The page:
Ability of Bedside Ultrasonography to Detect Pediatric Nasal Bone Fractures


LARYNGOSCOPE, vol.131, no.6, pp.1398-1403, 2021 (SCI-Expanded) identifier identifier identifier

  • Publication Type: Article / Article
  • Volume: 131 Issue: 6
  • Publication Date: 2021
  • Doi Number: 10.1002/lary.29168
  • Journal Name: LARYNGOSCOPE
  • Journal Indexes: Science Citation Index Expanded (SCI-EXPANDED), Scopus, CAB Abstracts, CINAHL, EMBASE, MEDLINE, MLA - Modern Language Association Database, Veterinary Science Database
  • Page Numbers: pp.1398-1403
  • Keywords: Nasal fracture, pediatric imaging, trauma, ultrasonography
  • Yozgat Bozok University Affiliated: Yes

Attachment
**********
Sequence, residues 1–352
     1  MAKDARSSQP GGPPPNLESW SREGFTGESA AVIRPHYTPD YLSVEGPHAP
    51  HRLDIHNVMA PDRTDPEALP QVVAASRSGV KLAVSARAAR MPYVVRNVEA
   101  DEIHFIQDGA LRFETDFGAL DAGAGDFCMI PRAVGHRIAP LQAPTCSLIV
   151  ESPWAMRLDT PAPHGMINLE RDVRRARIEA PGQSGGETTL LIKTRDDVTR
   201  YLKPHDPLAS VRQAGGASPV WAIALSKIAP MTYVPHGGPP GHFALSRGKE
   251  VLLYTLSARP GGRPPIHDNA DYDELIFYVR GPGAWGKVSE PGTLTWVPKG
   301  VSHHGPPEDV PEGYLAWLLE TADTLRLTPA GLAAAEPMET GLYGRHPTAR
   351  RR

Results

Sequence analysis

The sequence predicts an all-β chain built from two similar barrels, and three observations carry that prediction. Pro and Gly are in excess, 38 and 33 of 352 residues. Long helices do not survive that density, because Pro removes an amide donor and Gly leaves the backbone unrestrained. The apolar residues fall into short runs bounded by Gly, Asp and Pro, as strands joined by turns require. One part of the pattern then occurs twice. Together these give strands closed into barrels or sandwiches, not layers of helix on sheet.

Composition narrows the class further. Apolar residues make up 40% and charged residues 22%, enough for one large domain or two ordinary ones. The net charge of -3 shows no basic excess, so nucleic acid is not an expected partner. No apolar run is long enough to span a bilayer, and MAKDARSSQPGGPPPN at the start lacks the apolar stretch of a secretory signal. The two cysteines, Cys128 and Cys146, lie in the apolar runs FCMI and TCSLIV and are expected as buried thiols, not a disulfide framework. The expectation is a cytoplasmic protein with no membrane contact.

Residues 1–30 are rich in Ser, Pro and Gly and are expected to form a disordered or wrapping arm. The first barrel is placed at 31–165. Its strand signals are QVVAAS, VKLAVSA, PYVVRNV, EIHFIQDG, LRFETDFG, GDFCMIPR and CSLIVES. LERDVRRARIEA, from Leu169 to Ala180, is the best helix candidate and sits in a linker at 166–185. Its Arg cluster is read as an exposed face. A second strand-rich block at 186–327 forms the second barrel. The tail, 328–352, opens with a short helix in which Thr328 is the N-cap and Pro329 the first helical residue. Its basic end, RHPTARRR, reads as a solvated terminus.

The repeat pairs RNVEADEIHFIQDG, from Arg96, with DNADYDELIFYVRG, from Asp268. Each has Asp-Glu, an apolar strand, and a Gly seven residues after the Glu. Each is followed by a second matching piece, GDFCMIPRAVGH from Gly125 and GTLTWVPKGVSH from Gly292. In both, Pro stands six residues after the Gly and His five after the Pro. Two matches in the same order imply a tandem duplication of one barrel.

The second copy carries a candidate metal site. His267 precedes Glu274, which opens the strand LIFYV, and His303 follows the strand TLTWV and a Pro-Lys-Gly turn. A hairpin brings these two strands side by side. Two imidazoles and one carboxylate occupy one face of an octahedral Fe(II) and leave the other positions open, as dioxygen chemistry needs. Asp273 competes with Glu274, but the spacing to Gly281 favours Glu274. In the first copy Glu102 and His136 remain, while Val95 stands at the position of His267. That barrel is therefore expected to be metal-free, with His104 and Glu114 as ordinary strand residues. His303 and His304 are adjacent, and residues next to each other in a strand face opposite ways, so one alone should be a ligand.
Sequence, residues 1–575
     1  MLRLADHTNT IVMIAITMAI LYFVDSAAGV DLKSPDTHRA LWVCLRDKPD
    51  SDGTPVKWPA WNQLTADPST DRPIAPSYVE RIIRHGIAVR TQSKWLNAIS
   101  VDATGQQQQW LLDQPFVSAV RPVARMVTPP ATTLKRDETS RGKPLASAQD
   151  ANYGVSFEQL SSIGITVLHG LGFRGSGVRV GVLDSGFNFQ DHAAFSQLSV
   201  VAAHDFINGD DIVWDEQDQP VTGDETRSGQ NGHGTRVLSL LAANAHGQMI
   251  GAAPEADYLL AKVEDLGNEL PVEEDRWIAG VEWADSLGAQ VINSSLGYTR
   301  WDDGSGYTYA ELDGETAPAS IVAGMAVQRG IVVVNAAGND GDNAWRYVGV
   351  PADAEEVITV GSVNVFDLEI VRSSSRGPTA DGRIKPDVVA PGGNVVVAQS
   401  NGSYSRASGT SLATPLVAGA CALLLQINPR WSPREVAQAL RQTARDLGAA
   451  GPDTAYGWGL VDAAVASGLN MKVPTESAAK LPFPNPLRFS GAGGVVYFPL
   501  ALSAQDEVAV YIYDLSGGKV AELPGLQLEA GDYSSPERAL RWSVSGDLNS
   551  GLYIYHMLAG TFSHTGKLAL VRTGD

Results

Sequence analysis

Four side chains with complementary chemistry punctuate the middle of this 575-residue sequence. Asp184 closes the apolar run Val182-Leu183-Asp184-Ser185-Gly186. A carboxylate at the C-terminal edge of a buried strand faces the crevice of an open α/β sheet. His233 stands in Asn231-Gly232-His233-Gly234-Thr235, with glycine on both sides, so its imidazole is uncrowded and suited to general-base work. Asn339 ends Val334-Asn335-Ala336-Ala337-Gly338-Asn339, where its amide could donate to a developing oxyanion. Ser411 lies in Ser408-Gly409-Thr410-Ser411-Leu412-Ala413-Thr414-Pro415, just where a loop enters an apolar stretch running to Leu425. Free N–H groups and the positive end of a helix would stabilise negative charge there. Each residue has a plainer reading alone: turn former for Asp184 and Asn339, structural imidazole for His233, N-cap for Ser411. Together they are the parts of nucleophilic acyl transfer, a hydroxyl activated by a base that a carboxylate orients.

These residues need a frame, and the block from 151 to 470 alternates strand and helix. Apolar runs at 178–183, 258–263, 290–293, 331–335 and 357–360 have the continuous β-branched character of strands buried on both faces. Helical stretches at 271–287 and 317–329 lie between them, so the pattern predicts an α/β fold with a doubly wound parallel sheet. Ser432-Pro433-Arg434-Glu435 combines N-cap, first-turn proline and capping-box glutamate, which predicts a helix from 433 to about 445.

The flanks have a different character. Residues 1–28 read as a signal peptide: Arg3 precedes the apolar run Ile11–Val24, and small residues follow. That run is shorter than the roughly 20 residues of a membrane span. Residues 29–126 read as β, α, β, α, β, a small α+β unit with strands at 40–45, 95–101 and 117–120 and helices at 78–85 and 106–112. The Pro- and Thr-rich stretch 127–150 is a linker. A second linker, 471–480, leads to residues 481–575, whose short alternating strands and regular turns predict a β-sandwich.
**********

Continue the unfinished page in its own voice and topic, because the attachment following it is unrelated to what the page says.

Objectives/Hypothesis The aims of this study were to evaluate the diagnostic test features of bedside ultrasonography in pediatric patients with nasal trauma and to investigate whether it is a preferable alternative method to conventional radiography (CR). Study Design Cross-sectional prospective study. Methods This prospective study was conducted from March 1, 2019, through November 1, 2019. Thirty-one patients under the age of 18 years who had nasal trauma were consecutively included. CR and ultrasonographic imaging tests were investigated in patients with clinical indications for nasal bone fracture. The sensitivity, specificity, and accuracy of ultrasonography and CR were calculated with respect to detecting nasal fractures according to the gold standard method. Results Participants were between 3 and 16 years old and the median age was 8 (5-13) years. Nasal bone fracture was clinically detected in 18 patients. While 13 of these fractures were detected with ultrasonography, only 11 were also detected with CR. The sensitivity and specificity of ultrasonography and CR in detecting nasal fractures were 72.2% (95% confidence interval [CI]: 46.5-90.3) and 76.9% (95% CI: 46.2-95.0) for ultrasonography and 61.1% (95% CI: 35.8-82.7) and 69.2% (95% CI: 38.6-90.9) for CR. Conclusions According to the results of this study, ultrasonography may be used with confidence as a first imaging method in the investigation of nasal fractures, particularly with consideration for avoiding the effects of radiation as much as possible. Our findings point to the next step of conducting trials with a greater number of patients in order to define the diagnostic test features of ultrasonography in pediatric patients. Level of Evidence 2Laryngoscope, 2020